Federal Rule of Civil Procedure 12(b)(1)requires a court to dismiss an action when it lacks subject matter jurisdiction. United Phosphorus, Ltd. v. Angus Chemical Co., 322 F.3d 942, 946 (7th Cir. 2003). If the concern of the court or party challenging subject matter jurisdiction is that "subject matter jurisdiction is not evident on the face of the complaint, the motion to dismiss pursuant to Rule 12(b)(1) would be analyzed as any other motion to dismiss, by assuming for purposes of the motion that the allegations in the complaint are true." Id.; see also Ezekiel v. Michel, 66 F.3d 894, 897 (7th Cir. 1995)(stating that when reviewing a motion to dismiss brought under Rule 12(b)(1), this court "must accept as true all well-pleaded factual allegations, and draw reasonable inferences in favor of the plaintiff"). However, if the complaint appears on its face to indicate that the court has subject matter jurisdiction, "but the contention is that there is in fact no subject matter jurisdiction, the movant may use affidavits and other material to support the motion." United Phosphorus, Ltd., 322 F.3d at 946. For the purpose of determining subject matter jurisdiction, this court "'may properly look beyond the jurisdictional allegations of the complaint and view whatever evidence has been submitted on the issue to determine whether in fact subject matter jurisdiction exists.'" Ezekiel, 66 F.3d at 897 (quoting Capitol Leasing Co. v. Federal Deposit Insurance Corp., 999 F.2d 188, 191 (7th Cir. 1993)). The burden of proof in regards to a Rule 12(b)(1)motion is "on the party asserting jurisdiction." United Phosphorus, Ltd., 322 F.3d at 946.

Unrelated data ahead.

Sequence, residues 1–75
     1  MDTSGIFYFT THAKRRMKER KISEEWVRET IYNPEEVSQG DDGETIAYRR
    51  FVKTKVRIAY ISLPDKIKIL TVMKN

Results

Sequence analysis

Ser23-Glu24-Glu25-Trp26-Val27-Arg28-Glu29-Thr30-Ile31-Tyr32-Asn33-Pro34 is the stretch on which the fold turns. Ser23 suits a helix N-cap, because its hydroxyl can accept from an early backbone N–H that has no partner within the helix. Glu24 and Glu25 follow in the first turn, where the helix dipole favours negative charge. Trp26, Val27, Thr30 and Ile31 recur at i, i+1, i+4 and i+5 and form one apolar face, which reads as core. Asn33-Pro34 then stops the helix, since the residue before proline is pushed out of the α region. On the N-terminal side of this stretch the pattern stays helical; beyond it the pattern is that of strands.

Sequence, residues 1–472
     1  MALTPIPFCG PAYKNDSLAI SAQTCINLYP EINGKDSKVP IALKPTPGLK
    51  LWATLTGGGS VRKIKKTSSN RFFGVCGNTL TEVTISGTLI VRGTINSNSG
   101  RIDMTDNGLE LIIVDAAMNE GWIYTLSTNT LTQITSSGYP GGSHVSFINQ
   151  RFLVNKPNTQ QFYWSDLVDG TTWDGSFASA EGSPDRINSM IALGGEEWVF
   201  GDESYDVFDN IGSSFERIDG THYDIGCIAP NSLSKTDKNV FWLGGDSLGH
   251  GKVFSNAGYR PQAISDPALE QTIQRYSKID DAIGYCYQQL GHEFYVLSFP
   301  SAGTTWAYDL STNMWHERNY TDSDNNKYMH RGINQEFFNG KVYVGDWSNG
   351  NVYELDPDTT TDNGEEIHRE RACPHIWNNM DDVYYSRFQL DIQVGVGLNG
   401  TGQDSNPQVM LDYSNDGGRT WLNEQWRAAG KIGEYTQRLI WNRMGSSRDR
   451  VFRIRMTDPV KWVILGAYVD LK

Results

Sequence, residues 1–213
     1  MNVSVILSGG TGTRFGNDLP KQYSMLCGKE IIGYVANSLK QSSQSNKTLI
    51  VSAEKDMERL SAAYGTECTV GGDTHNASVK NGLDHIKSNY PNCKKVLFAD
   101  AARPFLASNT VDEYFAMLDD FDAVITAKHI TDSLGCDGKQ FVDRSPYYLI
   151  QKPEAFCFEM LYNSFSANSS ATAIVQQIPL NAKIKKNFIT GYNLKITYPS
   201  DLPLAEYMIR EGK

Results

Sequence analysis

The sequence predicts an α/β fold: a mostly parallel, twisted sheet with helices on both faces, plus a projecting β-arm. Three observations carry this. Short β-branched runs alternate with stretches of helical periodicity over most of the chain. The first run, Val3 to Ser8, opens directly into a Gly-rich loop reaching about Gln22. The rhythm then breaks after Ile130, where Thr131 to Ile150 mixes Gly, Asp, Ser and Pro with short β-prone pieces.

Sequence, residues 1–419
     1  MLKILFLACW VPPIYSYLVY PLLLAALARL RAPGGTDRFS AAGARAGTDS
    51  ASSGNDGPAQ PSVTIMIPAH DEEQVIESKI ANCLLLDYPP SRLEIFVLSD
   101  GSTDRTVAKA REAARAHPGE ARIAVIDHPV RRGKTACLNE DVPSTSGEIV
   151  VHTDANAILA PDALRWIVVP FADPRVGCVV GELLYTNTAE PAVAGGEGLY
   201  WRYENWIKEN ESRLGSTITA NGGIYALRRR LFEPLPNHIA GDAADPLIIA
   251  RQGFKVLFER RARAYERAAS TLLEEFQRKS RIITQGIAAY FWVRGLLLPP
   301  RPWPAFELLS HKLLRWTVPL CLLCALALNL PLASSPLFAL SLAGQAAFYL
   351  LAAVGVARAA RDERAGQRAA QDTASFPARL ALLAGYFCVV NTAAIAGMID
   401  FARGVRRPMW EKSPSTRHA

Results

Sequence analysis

Banco contends that it extended an offer of judgment (Offer of Judgment) pursuant to Federal Rule of Civil Procedure 68 (Rule 68) to Stilz before he filed a motion for class certification and that this action therefore became moot. Under Article III of the United States Constitution federal courts are provided with jurisdiction "over cases and controversies" and "[b]oth litigants must have a personal interest in the case at the beginning of the litigation, and their interests must persist throughout its entirety." Holstein v. City of Chicago, 29 F.3d 1145, 1147 (7th Cir. 1994). A case becomes moot and a court is without jurisdiction "when the dispute between the parties no longer rages, or when one of the parties loses his personal interest in the outcome of the suit." Id. The Seventh Circuit has indicated that one instance in which a case can become moot is when "'the defendant offers to satisfy the plaintiff's entire demand, there is no dispute over which to litigate, and a plaintiff . . . has no remaining stake.'" Id. (quoting Rand v. Monsanto Co., 926 F.2d 596, 598 (7th Cir. 1991)).